Tayside and Central Scotland

Loch Lomond goat cull: Sanctuary offers to re-house animals

The goats have a voracious appetite for the woodland habitat
Image caption The goats have a voracious appetite for the woodland habitat

An animal sanctuary has offered to re-home feral goats from the eastern shore of Loch Lomond to prevent them being culled.

Hillside Animal Sanctuary urged RSPB Scotland to halt the cull, which is being carried out to protect Pollochro Woods.

The area is viewed as a site of special scientific importance.

RSPB Scotland said it would consider alternatives solutions in March, but that the cull will continue until then.

Along with advisors at Scottish Natural Heritage (SNH), the RSPB wants to reduce goat numbers in the area from about 69 to 30.

So far, five out of the planned 20 animals targeted during 2013 have been killed.

But Wendy Valentine of Hillside Animal Sanctuary said it had offered to give the goats a home for the rest of their lives rather than have them shot.

Ms Valentine, whose sanctuary in Norfolk is home to more than 2,000 rescued animals, added: "It is a shame that an organisation that is set up to look after the welfare of animals should take a stance that goats should be culled.

"We have rounded up herds of Highland cattle that have gone wild and Highland ponies, so goats would not be any different. We have 70-80 of them already."

RSPB Scotland public affairs manager Katherine Jones said that re-homing the animals had been investigated.

She said the cull had been a "last resort" and not a decision that had been taken lightly.

Ms Jones said: "We have never been opposed to relocation - we just don't have the capacity to do it.

"We weren't able to get a proposal from the British Feral Goat Research Group to put to the decision-making bodies within RSPB as a viable option.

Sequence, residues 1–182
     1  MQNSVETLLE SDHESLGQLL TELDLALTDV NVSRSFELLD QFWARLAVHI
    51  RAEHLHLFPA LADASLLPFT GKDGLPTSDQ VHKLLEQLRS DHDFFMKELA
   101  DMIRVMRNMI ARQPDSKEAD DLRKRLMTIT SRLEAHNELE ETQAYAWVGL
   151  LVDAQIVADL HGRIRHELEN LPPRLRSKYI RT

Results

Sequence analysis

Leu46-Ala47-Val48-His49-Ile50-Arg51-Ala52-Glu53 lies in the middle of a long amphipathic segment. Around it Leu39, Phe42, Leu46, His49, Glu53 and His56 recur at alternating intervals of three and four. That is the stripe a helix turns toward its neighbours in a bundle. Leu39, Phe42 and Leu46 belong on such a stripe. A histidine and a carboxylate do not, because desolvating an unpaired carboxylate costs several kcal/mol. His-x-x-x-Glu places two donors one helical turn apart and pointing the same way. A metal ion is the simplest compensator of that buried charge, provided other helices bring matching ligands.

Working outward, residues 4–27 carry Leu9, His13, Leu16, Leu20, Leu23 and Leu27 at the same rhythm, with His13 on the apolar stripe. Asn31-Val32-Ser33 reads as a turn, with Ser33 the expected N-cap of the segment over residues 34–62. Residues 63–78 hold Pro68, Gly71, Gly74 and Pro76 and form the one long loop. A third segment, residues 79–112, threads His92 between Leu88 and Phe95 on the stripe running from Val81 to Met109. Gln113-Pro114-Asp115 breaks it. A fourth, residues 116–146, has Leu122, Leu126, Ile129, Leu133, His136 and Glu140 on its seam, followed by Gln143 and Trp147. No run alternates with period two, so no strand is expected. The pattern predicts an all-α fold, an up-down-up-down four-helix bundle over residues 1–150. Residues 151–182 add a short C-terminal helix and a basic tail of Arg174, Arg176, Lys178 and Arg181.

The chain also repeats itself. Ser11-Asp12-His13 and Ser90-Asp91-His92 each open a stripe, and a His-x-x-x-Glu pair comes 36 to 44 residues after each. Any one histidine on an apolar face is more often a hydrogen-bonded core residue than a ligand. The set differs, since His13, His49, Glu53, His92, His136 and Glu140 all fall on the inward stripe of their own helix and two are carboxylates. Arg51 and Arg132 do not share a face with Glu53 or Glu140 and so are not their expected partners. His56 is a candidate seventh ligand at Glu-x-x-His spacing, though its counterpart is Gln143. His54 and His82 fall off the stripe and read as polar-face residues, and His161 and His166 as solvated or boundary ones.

"Were we to receive any viable plans from an organisation that does possess this expertise, we would be able to consider it in the option's appraisal, provided it met appropriate welfare, health and safety, resource, legal and other requirements."

Not native

Ms Jones said the cull in Pollochro Woods was being mirrored in neighbouring land owned by Forestry Commission Scotland (FCS) and at a private estate.

She added that the goats were not native to the local environment and that the cull was part of a "herbivore management plan" approved by SNH and FCS.

She said that RSPB Scotland had been advised to act because the goats were preventing re-growth of an oak woodland with a diversity comparable to the rainforests of south-east Asia, which could be lost within 50 years.

The second year of the cull started in October and will last until the end of December.

Hillside's offer to re-home the goats follows an approach from the Scotland For Animals charity, which has also enlisted the help of Humane Wildlife Solutions, a Borders-based company specialising in pest control without killing.

John Patrick, from Scotland For Animals said: "We have presented a do-able option that is not going to cost them (RSPB Scotland) any money.

"I would have thought they would have jumped at the offer if they really are pro-conversation, pro-nature and pro-wildlife."

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